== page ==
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Twitter Counter on @realDonaldTrump

by Zia A., posted 7 months ago
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We get a lot of questions about POTUS around these parts – what we think of his Twitter strategy, how he’s affecting the social media sphere, what we think of his politics – and, well, since you asked, we’re answering (all except that last one, that’s one hot potato we’re not going to touch!). Love him or hate him, there’s no question that, through his presence at @realDonaldTrump, the President is shifting the way we interact with our government and changing the discourse on both a national and global level.

When did it all begin?

Donald Trump joined Twitter in March 2009. We started tracking him in October of that same year (you can check out his Twitter Counter stats any time by clicking here). Using his account as a platform to make frequent comments about politics, politicians, and celebrities (many of which have been controversial, and, according to Wikipedia, also frequently false), the Donald rocketed to a whopping 47,828,422 Twitter followers (landing him in 20th place on the most followed accounts worldwide).


Trump Twitter

Twitter and the 2016 elections.

Social media was an important part of Trump‘s presidential campaign in 2016, and has been cited as one of the contributing factors in his win. Throughout the campaign cycle an astounding one billion-plus election-related posts could be seen on Twitter. On election day alone, that number reached 40 million posts. At one point there were 27,000 election-related posts swirling across the network every minute. It was a veritable Twitter storm and Trump was at the epicentre.

Trump relied heavily on Twitter to communicate with the people (at one point The New York Times reported that “Mr. Trump’s aides had had to wrest his Twitter account away from him”) and his Twitter activity has only increased since being sworn in as the 45th President of the United States.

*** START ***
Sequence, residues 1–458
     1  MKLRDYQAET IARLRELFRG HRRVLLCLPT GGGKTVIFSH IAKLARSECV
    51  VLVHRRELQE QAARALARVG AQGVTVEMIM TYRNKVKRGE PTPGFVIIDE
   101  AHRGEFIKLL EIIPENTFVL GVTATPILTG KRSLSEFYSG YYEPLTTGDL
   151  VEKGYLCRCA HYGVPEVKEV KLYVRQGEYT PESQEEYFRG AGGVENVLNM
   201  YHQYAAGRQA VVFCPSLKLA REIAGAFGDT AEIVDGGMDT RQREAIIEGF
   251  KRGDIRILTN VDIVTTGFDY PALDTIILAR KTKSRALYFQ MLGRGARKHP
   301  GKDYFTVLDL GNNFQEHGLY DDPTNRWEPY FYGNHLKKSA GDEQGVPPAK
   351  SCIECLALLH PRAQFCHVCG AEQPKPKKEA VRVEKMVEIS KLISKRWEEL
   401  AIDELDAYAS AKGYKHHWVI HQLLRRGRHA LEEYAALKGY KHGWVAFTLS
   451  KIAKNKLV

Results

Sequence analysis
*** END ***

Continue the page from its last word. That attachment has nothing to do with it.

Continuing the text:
Trump’s most controversial tweets.

TIME magazine recently rounded up The 10 Donald Trump Tweets Americans Hate the Most. Attacks on business mogul and reality TV rival Mark Cuban made the list, as did similarly adversial posts about “Morning Joe” co-hosts Joe Scarborough and Mike Brzezinski, Republican Sens. Jeff Flake and Bob Corker, former FBI director James Comey, former California Gov. Arnold Schwarzenegger and CNN. Lucky for us, Twitter Counter didn’t make an appearance 😉

Trump and Twitter today.

President Trump insists that his tweets are a way to get his “honest and unfiltered message out,” but an October poll by Quinnipiac University revealed that a record-high 70% of respondents feel that Trump should stop tweeting from his personal account. Even among Republicans, 53% agreed he should quit Twitter. 

The funny thing is, during the 2016 campaign, Trump himself agreed, saying that he would “give up” social media if he won. “We won’t tweet any more,” he said. “I don’t know. Not presidential.” But since arriving in office, his presence has only increased.

We’re not complaining. More Trump tweets means more to talk about, so watch our blog in the coming months as we follow along with @realDonaldTrump and dish on the coverage and the controversy.

Trump Twitter 

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